The information containing approximate location and thickness of SRAF features may then be used to establish test boundary areas (block 606) for each test SRAF to be inspected. The boundary areas may be defined to accurately overlay corresponding test SRAF's or SRAF portions. A boundary area width area may include the entire width of the corresponding test SRAF. The width may also include any imperfection extending away from the test SRAF, such as bumps, streaks, etc. Some imperfections may cause otherwise unprintable SRAF's to become printable and may be included within the boundary area to be inspected. The boundary area width may conform to each longer side, even if it is uneven. Alternatively, the boundary area width may be a predefined amount larger than the SRAF's width (e.g., as shown in FIGS. 7 and 8). However, the boundary area width may be sufficiently narrow to facilitate flux measurement. The flux measurement generally includes determining amount of light transmitted through or blocked by features within boundary layer areas. For example, in the flux measuring method that accounts for transmitted light, wide boundary areas may diminish blocking effect by features within boundary areas. Therefore, the sensitivity of flux inspection of SRAF thickness may be impacted by boundary area width. In another example, where the flux measuring method accounts for blocked light, the impact of boundary widths on sensitivity of the method may be less.

Establishing test SRAF boundary areas (block 606) may ignore some length portions at the ends of the corresponding SRAF's. SRAF lengths and proximity of SRAF ends to other representations of IC features may be inspected during the reticle inspection (block 504 of FIG. 5) and may be ignored in the SRAF inspection operation. Moreover, SRAF length may generally have less impact than SRAF width due to the high aspect ratio of SRAF design. Light diffraction caused by the SRAF shorter edges may be minimal relative to diffraction caused by the longer edges. In one embodiment, the boundary area may have length no greater than about 90% of the corresponding SRAF length. Other length ratios may be used, such as between about 10% and 80% of the corresponding SRAF length. Overall, any length of the boundary layer that provides adequate representation of the SRAF width nay be acceptable. Additional considerations in establishing SRAF boundary areas are discussed in the context of FIG. 7.

The SRAF inspection then continues with obtaining flux measurements for the test SRAF boundary areas (block 608). Flux measurement typically involves partitioning the image of the inspected area into individual pixels. Pixel size may depend on resolution of the inspection system and required sensitivity of the inspection method. Each pixel is then assigned a numerical value corresponding to a matching grayscale shade of this pixel. For example, higher values may correspond to lighter pixels (i.e. more transmitted light) or to darker pixels (i.e. more blocked light). The values for each pixel are then summed up. In the embodiment where lighter pixels have higher numerical values, the summation represents the overall light flux transmitted through the inspected area. Larger values for boundary areas correspond to thinner SRAF's within these areas since less light is blocked by thinner SRAF's. Alternatively, in the embodiment where darker pixels have higher numerical values, larger summation values may indicate thicker SRAF'S within the corresponding boundary area. Overall, a summed flux value is representative of SRAF thickness in the area. Additional description of flux measurement is provided in the context of FIG. 8.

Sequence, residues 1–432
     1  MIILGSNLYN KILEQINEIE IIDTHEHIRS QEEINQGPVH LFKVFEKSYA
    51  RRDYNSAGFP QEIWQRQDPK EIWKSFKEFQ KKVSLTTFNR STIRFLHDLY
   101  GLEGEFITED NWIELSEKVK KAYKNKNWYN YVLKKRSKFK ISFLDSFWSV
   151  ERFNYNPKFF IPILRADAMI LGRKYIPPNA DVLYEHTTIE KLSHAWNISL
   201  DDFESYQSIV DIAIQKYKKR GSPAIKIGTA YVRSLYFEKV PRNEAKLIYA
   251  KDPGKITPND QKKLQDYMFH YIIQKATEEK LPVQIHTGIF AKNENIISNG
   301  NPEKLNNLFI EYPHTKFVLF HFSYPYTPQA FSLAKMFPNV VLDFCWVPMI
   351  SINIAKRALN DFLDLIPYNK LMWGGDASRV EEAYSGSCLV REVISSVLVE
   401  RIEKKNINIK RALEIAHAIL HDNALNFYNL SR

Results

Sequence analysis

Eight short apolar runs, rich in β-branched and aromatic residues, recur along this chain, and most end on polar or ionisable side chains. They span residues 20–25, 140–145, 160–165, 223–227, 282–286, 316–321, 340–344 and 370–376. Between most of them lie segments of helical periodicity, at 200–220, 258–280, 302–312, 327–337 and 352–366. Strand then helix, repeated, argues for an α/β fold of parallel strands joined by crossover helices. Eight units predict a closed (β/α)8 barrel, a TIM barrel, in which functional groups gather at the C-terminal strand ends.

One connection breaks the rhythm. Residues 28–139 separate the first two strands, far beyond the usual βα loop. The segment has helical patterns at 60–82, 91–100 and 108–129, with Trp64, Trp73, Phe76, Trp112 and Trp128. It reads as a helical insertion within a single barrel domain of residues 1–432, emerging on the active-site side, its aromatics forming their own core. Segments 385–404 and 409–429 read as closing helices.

Another operation may include obtaining a flux measurement for a boundary area of one or more reference's SRAF (block 610), e.g., one or more reference flux measurements. The boundary area and its corresponding reference flux may be obtained in a variety of ways. In one embodiment, at least one reference circuit pattern having corresponding SRAF's (e.g., from one or more adjacent cells or dies) may be provided. An image and flux measurement for SRAF boundaries on the reference circuit pattern may be then obtained in the same way as for the test circuit pattern. However, some variations in establishing reference SRAF boundary areas and measuring flux may exist. For example, if the flux measurement corresponds to amount of light blocked by SRAF's (e.g., darker pixels have higher numerical values), then some variation in the width of test boundaries may be permitted. Usually, more that one reference patterns may be used. Multiple samples may compensate for measuring errors and size variations among reference samples. Reference flux measurements from multiple reference patterns may be averaged to obtain a reference flux value that is compared to the test flux measurement.